15 December 2015
Our muscles play an important role in our health and grip strength is a good way of measuring how well our muscles are doing. Our grip strength builds through young adulthood to reach its peak in our 30s after which it gradually tails away. It is a reliable and valid way of evaluating someone’s hand strength, which in turns provides an objective measure of the skeletal muscle strength and function in their whole body.
Studies that have followed patients over a long period of time show that reduced muscular strength – as measured by grip strength - is consistently linked with early death, disability, and illness.
Given its simplicity and ability to predict health vulnerability, grip strength measurement should be considered as a vital sign useful for screening older people. A major study published in The Lancet followed 139,691 adults aged between 35 and 70 living in 17 countries, and suggests that the strength of a person's hand-grip could predict the risk of heart attacks and strokes - and is a stronger indicator of death than blood pressure checks. The researchers suggest that grip strength test could be used as a quick, low-cost way for doctors to identify high-risk patients.
By routinely measuring grip strength in older people in hospital we may be able to identify patients with a higher risk of adverse outcomes and that in turn could allow early interventions focusing on progressive resistance training (strength building) and nutritional supplements. So, our aim is to assess the feasibility of using grip strength measurement as a routine assessment for older patients who are admitted to one of the five wards in Department of Medicine for Older People (MOP) at University Hospital Southampton. The study involves training MOP staff including nursing staff, healthcare assistants, and therapy teams on measuring grip strength. Then use a special care plan to support older patients with low grip strength.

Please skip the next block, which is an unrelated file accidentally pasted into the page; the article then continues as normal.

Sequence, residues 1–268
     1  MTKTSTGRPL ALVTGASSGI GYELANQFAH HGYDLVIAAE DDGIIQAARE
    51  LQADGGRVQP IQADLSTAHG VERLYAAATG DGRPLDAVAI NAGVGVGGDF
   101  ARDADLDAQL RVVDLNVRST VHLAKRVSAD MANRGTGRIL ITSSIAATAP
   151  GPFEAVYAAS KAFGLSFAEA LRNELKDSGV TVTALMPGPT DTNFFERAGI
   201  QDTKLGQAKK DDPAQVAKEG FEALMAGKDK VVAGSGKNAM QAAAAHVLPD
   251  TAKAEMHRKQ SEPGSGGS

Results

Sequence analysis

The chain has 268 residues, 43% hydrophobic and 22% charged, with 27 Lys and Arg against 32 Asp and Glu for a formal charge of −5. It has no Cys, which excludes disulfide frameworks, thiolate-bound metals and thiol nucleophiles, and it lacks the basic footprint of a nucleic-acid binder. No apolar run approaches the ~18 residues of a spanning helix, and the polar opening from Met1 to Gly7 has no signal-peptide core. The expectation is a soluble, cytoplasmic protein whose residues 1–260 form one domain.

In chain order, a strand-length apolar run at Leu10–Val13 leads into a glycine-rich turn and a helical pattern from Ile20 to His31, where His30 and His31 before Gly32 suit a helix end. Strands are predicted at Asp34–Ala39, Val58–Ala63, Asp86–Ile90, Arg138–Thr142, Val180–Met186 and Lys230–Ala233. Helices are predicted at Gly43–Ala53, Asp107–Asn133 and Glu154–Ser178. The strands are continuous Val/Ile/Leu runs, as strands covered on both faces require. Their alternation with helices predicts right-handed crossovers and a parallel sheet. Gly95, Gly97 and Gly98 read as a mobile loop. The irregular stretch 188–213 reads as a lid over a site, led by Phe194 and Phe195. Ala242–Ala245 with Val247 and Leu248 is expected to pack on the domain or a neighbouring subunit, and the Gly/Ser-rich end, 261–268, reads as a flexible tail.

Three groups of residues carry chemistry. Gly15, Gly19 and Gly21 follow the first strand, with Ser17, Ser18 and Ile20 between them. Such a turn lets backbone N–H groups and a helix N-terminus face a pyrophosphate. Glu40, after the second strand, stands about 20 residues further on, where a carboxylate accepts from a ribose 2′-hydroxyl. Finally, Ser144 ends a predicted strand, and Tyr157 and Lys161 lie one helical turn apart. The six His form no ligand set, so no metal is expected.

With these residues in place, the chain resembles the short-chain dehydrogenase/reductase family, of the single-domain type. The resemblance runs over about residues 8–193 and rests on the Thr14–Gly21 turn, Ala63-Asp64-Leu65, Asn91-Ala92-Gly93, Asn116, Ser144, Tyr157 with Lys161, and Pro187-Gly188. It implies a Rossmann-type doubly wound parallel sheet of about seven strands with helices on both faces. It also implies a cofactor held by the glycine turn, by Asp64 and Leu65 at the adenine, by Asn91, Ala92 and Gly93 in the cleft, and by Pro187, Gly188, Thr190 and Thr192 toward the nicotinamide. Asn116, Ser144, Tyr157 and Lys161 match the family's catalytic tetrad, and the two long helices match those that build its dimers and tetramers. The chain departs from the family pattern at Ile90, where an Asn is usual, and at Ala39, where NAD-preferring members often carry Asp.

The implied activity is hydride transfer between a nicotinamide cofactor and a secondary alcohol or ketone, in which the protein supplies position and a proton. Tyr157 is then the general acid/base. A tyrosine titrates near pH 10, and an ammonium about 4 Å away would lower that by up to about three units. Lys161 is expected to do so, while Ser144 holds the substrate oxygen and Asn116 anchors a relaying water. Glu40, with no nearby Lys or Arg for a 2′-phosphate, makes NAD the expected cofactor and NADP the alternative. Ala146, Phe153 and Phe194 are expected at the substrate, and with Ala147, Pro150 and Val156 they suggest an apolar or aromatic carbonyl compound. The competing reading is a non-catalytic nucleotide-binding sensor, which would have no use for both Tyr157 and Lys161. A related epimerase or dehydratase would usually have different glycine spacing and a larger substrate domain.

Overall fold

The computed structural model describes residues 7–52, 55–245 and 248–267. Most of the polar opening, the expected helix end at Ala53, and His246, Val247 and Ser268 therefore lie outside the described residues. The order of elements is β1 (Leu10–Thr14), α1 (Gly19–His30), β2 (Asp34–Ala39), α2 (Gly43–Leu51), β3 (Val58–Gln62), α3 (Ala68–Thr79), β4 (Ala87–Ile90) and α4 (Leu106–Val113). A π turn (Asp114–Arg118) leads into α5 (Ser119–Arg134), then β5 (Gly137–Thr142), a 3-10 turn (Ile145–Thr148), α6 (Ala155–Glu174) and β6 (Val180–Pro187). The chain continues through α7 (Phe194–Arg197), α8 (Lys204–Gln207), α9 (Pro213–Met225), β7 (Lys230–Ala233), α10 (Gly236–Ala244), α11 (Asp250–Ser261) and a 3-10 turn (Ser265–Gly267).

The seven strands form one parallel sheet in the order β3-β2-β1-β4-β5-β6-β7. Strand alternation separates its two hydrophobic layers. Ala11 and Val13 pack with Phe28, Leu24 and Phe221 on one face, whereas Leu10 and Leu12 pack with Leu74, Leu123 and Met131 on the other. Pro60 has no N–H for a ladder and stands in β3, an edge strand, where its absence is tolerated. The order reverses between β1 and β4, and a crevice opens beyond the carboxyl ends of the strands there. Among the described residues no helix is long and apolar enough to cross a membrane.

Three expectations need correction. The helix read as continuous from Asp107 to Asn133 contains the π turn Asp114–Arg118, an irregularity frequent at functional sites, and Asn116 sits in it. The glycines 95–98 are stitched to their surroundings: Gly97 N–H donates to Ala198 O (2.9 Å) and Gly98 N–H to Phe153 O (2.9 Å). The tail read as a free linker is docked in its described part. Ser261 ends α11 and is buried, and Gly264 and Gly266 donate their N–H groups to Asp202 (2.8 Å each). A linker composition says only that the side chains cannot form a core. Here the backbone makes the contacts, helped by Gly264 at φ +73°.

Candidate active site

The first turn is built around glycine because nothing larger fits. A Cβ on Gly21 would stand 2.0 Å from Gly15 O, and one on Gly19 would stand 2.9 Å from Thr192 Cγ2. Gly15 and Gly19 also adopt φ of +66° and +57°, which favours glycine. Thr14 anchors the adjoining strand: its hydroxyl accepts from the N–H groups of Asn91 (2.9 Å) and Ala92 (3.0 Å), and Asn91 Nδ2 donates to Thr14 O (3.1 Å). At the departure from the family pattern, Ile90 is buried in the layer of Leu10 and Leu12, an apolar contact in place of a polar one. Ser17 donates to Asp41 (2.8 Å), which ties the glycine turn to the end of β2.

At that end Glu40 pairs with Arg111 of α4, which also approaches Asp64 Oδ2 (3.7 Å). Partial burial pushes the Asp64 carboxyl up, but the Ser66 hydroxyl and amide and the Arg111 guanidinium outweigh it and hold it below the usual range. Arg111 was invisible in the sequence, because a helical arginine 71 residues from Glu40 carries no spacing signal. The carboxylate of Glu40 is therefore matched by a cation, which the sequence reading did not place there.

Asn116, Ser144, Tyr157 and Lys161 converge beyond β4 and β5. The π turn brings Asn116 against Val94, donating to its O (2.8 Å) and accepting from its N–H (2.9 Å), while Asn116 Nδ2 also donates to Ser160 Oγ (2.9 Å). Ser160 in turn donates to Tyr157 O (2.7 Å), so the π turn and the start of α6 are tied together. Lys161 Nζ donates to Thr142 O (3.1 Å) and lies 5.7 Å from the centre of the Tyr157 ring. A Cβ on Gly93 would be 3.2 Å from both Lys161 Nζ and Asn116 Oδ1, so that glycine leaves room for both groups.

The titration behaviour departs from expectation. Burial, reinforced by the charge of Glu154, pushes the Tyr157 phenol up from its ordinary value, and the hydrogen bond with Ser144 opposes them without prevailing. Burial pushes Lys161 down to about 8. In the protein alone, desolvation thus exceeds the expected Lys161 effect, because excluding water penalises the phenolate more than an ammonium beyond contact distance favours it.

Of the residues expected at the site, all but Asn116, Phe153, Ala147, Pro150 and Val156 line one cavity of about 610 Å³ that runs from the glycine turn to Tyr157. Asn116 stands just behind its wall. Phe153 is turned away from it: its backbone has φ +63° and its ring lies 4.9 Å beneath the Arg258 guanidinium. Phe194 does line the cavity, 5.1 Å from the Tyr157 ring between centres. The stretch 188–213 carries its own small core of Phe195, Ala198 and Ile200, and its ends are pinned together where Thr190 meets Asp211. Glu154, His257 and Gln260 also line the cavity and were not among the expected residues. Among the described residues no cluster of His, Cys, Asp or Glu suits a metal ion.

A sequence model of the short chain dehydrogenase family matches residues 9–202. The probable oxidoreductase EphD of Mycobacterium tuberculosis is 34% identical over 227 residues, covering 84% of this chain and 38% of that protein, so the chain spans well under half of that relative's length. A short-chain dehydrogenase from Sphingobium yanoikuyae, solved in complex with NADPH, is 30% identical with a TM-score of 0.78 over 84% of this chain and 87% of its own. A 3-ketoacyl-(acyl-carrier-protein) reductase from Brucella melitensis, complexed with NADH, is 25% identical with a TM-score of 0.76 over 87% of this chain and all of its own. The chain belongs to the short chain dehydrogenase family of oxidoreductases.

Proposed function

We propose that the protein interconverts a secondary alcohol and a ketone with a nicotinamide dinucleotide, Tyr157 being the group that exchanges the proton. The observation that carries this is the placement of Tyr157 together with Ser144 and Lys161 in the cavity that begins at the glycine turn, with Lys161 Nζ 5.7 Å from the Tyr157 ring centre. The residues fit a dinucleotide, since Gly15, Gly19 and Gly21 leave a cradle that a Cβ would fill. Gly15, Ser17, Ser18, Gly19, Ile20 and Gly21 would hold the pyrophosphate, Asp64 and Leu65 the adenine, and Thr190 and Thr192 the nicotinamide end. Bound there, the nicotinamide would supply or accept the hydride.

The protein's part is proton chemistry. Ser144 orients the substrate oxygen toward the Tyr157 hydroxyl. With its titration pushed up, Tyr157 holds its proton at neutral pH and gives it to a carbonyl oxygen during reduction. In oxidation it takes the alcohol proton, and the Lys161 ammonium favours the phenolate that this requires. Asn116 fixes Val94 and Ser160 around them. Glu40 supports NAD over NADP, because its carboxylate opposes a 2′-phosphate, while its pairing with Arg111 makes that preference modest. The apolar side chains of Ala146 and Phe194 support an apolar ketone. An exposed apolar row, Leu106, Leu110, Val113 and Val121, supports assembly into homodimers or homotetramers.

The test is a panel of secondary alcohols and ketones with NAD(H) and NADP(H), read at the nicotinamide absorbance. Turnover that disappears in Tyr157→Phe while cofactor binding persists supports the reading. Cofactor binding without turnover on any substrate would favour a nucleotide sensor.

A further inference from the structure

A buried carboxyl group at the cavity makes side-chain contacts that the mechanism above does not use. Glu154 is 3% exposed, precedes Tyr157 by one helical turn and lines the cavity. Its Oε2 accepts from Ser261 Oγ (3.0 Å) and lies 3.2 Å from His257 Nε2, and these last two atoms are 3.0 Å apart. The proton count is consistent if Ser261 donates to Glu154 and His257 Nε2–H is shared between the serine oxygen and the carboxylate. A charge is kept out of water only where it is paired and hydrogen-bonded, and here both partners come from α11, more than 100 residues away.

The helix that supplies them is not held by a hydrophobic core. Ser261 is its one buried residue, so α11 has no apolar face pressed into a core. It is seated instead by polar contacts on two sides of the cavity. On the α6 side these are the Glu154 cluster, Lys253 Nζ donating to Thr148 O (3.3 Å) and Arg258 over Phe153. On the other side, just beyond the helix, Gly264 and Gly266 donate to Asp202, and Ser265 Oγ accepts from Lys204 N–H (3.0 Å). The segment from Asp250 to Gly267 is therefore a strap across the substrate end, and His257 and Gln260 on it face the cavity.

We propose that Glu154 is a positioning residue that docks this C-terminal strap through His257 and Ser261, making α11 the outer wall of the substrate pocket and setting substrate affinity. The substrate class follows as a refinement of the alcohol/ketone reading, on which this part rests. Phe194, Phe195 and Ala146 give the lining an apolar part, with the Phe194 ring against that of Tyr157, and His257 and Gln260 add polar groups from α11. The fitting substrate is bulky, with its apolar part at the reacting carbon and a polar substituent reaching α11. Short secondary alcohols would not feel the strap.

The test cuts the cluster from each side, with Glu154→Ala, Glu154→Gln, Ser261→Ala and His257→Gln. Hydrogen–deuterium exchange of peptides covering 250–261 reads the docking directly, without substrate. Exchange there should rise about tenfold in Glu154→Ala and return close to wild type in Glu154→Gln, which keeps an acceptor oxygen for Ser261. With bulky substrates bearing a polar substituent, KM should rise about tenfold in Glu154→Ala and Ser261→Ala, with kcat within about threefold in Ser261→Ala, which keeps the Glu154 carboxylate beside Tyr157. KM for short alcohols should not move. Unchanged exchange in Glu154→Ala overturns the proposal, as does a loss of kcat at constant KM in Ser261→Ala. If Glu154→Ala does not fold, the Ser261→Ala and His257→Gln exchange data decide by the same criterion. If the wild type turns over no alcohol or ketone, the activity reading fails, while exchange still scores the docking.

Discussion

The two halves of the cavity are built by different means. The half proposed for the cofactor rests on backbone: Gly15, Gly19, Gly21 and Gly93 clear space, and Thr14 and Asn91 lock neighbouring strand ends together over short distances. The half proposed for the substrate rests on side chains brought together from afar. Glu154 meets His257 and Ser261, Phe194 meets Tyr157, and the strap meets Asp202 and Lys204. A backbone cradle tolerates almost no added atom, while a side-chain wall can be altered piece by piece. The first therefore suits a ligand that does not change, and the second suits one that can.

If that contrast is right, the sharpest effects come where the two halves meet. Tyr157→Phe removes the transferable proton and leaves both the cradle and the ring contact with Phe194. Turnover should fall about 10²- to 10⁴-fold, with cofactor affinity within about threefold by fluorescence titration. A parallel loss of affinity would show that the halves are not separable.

Grip strength test is very easy and quick and can be done using a hand dynamometer (Jamar) following a standardised approach. Patients are asked to squeeze twice in each hand on the dynamometer handle as firmly as they can. The maximum value is recorded and those patients who have low grip strength (less than 16 kg for women and less than 27 kg for men) will be given a care plan according to their needs.
In November, we launched the grip strength training in MOP. Working with the MOP educational team, we developed a schedule where training sessions would be run daily for 3 weeks in the treatment rooms in each of the five MOP wards. An average of 2-3 sessions took place daily, each lasted 20 minutes. In total, we have run 36 sessions and have trained 106 staff members on measuring grip strength and using the adapted care plan. The sessions included a practical demonstration of how to measure grip strength using the hand dynamometer and an outline on how to put in place and complete the care plan. At the end of each session, we asked the trained staff to evaluate the training sessions by answering 9 simple questions using a 5–point rating scale. We gave staff the opportunity to talk and express their initial views about using grip strength test in the routine assessment of older inpatients in their wards and reveal any concerns about using it. The training sessions integrated well within the daily routine of staff and they were fun and lively as staff were competing regarding their own grip strength.
Having completed our first training sessions, we are running an on-going training programme for staff who could not attend the initial sessions. Each one of the MOP wards has received a Jamar case (handgrip tool) and the routine assessment of grip strength should start now as part of the routine assessment for all patients admitted or transferred to MOP within 24 hours of their admission. Our next steps are to monitor and reinforce the process by assessing the acceptability of grip strength test by staff and patients, the coverage of grip strength test, the use of the care plan, and the costs of implementation.
We would be pleased to hear from you if you are interested in becoming involved in our research and implementation.How can I get involved?